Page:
We toured Brazil’s biggest soybean port – Paranagua. It located on the southeast coast of Brazil – more than 600 miles from state of Mato Grosso where the soybeans grown.
Though modern and efficient, the port is one of the major bottlenecks in getting Brazil soybeans to markets. It’s said that trucks wait in lines stretching 60 miles to unload during the peak of the export season. The round trip from Mato Grosso to the port can take up to three weeks.
Apparently, the port authority has more than $250 million on hand for expansion. One plan is to dreg the channel to the sea so the port can handle the biggest tankers on the ocean today. Another is to build second grain pier, which would more than double the number of vessels that could be loaded with soybeans at the same time.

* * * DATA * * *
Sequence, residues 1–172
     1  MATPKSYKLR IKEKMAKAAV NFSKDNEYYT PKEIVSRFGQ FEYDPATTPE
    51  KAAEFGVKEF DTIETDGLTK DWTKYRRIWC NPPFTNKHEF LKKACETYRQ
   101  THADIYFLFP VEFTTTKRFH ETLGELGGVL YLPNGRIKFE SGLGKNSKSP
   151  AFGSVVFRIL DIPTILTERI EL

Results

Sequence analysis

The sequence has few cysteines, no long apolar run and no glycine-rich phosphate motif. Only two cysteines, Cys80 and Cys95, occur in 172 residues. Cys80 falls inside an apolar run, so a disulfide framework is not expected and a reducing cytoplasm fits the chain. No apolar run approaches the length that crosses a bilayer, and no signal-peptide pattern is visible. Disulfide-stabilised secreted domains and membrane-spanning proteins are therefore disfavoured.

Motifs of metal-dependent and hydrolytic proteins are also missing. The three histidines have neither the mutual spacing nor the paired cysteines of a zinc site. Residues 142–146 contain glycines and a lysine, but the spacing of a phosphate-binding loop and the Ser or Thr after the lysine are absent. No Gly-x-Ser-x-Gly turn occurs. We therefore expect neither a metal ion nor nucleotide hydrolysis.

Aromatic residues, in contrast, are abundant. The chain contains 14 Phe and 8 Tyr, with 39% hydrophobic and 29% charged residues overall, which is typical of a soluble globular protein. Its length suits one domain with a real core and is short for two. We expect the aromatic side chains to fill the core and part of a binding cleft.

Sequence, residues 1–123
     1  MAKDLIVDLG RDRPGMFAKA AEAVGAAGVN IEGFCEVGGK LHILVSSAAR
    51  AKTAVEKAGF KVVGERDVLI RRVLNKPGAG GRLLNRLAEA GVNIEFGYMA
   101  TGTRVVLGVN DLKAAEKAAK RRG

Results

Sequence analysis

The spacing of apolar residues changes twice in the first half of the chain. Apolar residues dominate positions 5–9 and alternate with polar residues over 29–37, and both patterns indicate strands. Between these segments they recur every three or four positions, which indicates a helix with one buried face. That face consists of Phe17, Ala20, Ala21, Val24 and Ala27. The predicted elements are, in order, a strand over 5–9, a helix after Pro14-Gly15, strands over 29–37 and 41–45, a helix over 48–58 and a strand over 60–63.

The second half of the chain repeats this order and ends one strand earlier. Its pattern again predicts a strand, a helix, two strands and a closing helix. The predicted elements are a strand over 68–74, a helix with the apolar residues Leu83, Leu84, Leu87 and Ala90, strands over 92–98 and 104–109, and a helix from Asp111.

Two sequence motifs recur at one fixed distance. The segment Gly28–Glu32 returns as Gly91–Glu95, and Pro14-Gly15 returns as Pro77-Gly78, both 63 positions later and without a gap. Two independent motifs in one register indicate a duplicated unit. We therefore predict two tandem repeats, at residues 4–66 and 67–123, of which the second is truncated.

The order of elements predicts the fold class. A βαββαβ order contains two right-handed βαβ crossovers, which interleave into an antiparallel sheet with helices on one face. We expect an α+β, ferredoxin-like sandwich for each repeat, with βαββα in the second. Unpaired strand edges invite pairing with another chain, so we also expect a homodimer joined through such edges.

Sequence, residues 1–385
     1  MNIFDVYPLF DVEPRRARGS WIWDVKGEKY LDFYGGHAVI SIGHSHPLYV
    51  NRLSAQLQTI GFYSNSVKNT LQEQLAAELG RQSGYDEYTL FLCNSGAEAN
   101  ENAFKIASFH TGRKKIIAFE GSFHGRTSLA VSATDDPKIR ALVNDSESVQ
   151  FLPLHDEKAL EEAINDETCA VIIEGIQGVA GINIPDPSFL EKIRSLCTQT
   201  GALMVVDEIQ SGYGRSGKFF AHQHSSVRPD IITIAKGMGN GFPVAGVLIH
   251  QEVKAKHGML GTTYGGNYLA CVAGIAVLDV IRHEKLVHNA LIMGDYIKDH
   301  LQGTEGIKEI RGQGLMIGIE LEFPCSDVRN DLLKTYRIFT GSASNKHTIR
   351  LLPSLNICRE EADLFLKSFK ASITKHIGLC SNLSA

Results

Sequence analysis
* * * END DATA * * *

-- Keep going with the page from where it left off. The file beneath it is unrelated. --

Leaving the meeting with the port authority, one Illinois Soybean Association director shook his head in disappointment with U.S. transportation policy. “Brazil is able to maintain their infrastructure and has the money to expand,” he said. “We might see the Mississippi River barge traffic shut down this year because Congress won’t approve the money to maintain the locks.”
When I saw a horse-drawn wagon begin used to haul equipment to a construction site in Paranagua I thought, “this isn’t something you’d see in the U.S. today.”
But maybe Brazil isn’t the one who needs modernize how it hauls freight.